Where will your retirement money come from? If you’re like most people, qualified-retirement plans, Social Security, and personal savings and investments are expected to play a role. Once you have estimated the amount of money you may need for retirement, a sound approach involves taking a close look at your potential retirement-income sources.
There are three things to consider before dipping into retirement savings to pay for college.
Have A Question About This Topic?
The uncertainties we face in retirement can erode our sense of confidence.
Without a solid approach, health care expenses may add up quickly and potentially alter your spending.
Making a career move requires tough decisions, not the least of which is what to do with the funds in your retirement plan.
Here are several important changes to Social Security that may impact how and when you can begin taking income benefits.
Longer, healthier living can put greater stress on retirement assets; the bucket approach may be one answer.
Calculating your potential Social Security benefit is a three-step process.
Help determine the required minimum distribution from an IRA or other qualified retirement plan.
This calculator can help you estimate how much you may need to save for retirement.
Estimate how long your retirement savings may last using various monthly cash flow rates.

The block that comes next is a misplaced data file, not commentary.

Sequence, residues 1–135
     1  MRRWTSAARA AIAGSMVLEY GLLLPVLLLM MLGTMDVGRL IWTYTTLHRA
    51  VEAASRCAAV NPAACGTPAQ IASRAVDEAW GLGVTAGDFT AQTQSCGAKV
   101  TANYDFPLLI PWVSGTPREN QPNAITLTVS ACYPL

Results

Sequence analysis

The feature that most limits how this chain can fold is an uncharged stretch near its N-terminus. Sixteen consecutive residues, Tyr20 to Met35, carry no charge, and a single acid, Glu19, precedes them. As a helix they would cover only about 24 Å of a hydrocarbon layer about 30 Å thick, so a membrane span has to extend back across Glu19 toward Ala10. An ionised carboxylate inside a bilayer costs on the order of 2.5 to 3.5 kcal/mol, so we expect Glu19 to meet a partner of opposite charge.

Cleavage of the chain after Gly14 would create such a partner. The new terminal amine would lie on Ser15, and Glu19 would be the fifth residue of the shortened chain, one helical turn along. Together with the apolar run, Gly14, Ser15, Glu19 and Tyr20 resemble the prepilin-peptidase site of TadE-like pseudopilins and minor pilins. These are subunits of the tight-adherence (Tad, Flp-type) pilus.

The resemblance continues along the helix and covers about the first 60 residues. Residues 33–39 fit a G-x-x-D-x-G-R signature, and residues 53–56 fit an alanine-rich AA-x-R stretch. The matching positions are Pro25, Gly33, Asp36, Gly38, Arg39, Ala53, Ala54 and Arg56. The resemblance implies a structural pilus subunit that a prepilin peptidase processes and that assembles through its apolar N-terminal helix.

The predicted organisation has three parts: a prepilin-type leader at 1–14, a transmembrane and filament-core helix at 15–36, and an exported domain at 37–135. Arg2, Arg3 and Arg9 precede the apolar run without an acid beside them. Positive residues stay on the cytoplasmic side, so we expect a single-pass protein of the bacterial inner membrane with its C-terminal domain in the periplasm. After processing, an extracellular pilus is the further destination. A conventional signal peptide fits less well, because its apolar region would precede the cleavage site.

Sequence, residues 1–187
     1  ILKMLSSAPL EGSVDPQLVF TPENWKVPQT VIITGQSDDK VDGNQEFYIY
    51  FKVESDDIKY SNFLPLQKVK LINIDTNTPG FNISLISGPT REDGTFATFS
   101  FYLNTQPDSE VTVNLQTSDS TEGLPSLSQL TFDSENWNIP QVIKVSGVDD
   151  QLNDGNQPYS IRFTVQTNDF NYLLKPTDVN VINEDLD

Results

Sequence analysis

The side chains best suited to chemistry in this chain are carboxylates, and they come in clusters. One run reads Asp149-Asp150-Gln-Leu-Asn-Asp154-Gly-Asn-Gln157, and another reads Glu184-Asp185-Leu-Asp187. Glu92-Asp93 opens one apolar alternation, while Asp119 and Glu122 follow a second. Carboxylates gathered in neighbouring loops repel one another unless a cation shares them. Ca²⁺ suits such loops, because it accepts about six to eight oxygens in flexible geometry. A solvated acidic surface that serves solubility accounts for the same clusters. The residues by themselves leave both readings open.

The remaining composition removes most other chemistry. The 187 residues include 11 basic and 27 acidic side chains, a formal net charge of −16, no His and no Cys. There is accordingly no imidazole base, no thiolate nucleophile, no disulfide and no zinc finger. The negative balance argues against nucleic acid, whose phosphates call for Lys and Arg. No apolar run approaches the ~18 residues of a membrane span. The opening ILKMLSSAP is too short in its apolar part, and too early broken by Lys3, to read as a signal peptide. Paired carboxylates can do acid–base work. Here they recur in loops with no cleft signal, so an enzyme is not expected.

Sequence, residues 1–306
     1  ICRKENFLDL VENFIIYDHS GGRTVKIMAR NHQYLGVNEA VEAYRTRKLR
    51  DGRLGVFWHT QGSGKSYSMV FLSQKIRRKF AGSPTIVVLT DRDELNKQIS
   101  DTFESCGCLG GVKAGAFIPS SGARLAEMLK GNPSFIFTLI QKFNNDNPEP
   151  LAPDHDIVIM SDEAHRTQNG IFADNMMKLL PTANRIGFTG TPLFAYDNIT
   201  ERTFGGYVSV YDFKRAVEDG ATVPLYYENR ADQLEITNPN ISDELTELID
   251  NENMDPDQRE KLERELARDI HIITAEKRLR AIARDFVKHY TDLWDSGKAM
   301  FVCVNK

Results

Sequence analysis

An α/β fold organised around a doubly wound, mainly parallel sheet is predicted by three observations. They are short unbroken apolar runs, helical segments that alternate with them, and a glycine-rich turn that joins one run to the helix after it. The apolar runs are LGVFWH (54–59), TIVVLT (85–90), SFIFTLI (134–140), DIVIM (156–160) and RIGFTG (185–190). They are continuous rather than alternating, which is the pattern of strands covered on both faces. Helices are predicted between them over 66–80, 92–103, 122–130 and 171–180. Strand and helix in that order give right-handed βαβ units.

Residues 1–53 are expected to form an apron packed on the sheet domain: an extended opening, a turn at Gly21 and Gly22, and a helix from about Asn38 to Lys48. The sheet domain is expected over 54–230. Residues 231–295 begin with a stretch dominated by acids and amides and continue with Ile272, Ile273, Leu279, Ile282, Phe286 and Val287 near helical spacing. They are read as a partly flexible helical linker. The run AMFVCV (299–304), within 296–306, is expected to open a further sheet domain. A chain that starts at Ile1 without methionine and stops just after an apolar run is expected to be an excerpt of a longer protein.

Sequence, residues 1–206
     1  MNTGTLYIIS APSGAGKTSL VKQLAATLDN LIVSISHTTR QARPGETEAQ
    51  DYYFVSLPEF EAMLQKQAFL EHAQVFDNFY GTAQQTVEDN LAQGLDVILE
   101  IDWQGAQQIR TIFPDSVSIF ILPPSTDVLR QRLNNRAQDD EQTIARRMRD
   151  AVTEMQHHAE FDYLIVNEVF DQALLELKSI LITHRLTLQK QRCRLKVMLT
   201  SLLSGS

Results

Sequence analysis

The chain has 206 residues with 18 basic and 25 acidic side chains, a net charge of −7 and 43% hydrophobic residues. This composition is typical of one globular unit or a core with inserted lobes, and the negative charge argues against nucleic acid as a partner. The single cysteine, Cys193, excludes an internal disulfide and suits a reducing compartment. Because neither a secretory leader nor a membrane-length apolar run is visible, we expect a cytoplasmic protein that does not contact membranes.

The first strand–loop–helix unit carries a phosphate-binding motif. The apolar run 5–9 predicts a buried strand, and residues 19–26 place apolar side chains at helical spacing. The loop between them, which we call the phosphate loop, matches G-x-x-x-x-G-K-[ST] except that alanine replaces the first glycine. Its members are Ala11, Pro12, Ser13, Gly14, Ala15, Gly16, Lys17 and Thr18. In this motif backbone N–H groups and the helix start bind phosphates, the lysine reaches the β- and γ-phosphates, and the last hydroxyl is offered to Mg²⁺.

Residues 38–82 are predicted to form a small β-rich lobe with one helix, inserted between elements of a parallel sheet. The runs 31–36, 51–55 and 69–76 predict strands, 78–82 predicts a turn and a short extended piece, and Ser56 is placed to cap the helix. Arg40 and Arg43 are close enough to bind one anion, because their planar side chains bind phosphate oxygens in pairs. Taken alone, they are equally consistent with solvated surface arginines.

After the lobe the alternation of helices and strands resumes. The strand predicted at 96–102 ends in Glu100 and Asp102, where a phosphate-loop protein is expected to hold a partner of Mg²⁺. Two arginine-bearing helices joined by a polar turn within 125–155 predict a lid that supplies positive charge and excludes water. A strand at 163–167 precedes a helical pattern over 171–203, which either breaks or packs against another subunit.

Estimate the maximum contribution amount for a Self-Employed 401(k), SIMPLE IRA, or SEP.
Estimate your monthly and annual income from various IRA types.
This calculator may help you estimate how long funds may last given regular withdrawals.
Are you ready for retirement? Here are five words you should consider.
Around the country, attitudes about retirement are shifting.
A portfolio created with your long-term objectives in mind is crucial as you pursue your dream retirement.
Women must be ready to spend, on average, more years in retirement than men.
How does your ideal retirement differ from reality, and what can we do to better align the two?
A growing number of Americans are pushing back the age at which they plan to retire. Or deciding not to retire at all.